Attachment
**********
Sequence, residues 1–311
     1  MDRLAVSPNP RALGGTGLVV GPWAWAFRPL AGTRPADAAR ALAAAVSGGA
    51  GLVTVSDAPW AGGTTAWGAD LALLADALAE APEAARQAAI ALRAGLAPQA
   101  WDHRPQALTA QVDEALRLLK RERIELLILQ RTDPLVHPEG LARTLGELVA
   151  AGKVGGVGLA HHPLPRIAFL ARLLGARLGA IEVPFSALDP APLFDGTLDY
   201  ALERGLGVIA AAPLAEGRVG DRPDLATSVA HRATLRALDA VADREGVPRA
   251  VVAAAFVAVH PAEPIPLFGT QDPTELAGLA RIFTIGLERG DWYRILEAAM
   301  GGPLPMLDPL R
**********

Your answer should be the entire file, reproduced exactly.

Sequence, residues 1–311
     1  MDRLAVSPNP RALGGTGLVV GPWAWAFRPL AGTRPADAAR ALAAAVSGGA
    51  GLVTVSDAPW AGGTTAWGAD LALLADALAE APEAARQAAI ALRAGLAPQA
   101  WDHRPQALTA QVDEALRLLK RERIELLILQ RTDPLVHPEG LARTLGELVA
   151  AGKVGGVGLA HHPLPRIAFL ARLLGARLGA IEVPFSALDP APLFDGTLDY
   201  ALERGLGVIA AAPLAEGRVG DRPDLATSVA HRATLRALDA VADREGVPRA
   251  VVAAAFVAVH PAEPIPLFGT QDPTELAGLA RIFTIGLERG DWYRILEAAM
   301  GGPLPMLDPL R